Carey, William (1769-1846) (DNB00)
|←Carey, William (1761-1834)||Dictionary of National Biography, 1885-1900, Volume 09
Carey, William (1769-1846)
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CAREY, WILLIAM (1769–1846), bishop of Exeter and St. Asaph, was born on 18 Nov. 1769. His success in life was due to the kindness of Dr. Vincent, through whose aid he was admitted into Westminster School, where he ultimately passed through every grade until he beams its head. In 1784 he was elected a king's scholar, in 1788 he became the captain of the school, and in the following year he was elected to Christ Church, Oxford, which was at that time presided over by Cyril Jackson. He took the degree of M.A. in 1798, and became a tutor of his house, where he also filled the office of censor from 1795 to 1802. While connected with Oxford life he held the incumbency of the neighhouring church of Cowley, and near the close of his academical career, in 1801, he was nominated one of the preachers at Whitehall Chapel. The prebendal stall of Knaresborough-cum-Bickhill in York Cathedral was conferred upon him in 1804, and his connection with the northern province was strengthened by his being instituted to the vicarage of Sutton-in-the-Forest. Through the influential and zealous support of his old Oxford friend, Cyril Jackson—a support which outweighed the opposition of many who desired an older man—Carey was appointed to the head-mastership of Westminster School in January 1803, and discharged its duties with great efficiency until his retirement in December 1814. He proceeded to the degree of B.D. in 1804, and to that of D.D. in 1807. The honourable post of sub-almoner to the king was given to him in 1808, and in March 1809 he received a piece of preferment equally honourable and more lucrative, a prebend at Westminster. On resigning his position at his old school he withdrew to his country living, residing there until 1820, when he was called to preside over the diocese of Exeter. His consecration took place on 12 Nov. 1820, and on the previous day he was installed a prebendary of his cathedral. The administration of the diocese by the former occupant of the see had not been marked by an excess of zeal, and the energy with which Carey threw himself into his new labours was much praised. At Exeter he remained for ten years, when he was translated to the wealthier bishopric of St. Asaph, being elected to his new see on 12 March 1830 and confirmed on 7 April. He died at his house in Portland Place, London, on 13 Sept. 1846, but his body was carried into Wales and buried in the churchyard of St. Asaph Cathedral on 2 Oct. 1846. A monument to his memory was erected in his cathedral.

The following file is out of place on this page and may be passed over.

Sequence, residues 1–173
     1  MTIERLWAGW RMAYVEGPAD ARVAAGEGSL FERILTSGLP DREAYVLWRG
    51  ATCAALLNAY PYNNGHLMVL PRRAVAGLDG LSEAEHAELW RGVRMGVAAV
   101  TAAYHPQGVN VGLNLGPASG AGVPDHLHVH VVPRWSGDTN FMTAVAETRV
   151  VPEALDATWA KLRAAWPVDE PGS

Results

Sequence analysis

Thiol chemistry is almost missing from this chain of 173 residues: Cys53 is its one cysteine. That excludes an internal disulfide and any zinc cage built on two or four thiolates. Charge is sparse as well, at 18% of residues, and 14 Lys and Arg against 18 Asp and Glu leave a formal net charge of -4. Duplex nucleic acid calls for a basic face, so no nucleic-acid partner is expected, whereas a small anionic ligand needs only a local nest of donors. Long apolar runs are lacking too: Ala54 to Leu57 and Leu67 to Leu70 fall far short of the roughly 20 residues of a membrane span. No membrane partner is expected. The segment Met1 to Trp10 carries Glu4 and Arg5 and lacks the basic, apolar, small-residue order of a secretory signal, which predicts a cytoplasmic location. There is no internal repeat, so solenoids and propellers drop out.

Carey was the author of three sermons long since forgotten, but his name is preserved in his munificent benefaction of 20,000l. Consols for the better maintenance of such bachelor students of Christ Church, duly elected from Westminster School, as, 'having their own way to make in the world,' shall attend the divinity lectures and prepare themselves for holy orders. A second gift to his old school was of a different character. This was a new set of scenery for the Westminster play modelled on the lines of its predecessor, which had been designed by Athenian Stuart. Carey's scenery was in use for fifty years, from 1808 to 1858.[Welch's Westminster School (Phillimore's ed.), pp. 418, 428, 456, 636; Forshall's Westminster School, pp. 125, 301-3. 470; Oliver's Bishops of Exeter, pp. 166-7; Career of Admiral John Markham, p. 14; Gent. Mag. 1846, pt. ii. pp. 533-4, 661; Notes and Queries, 3rd ser. vii. 205 (1865).]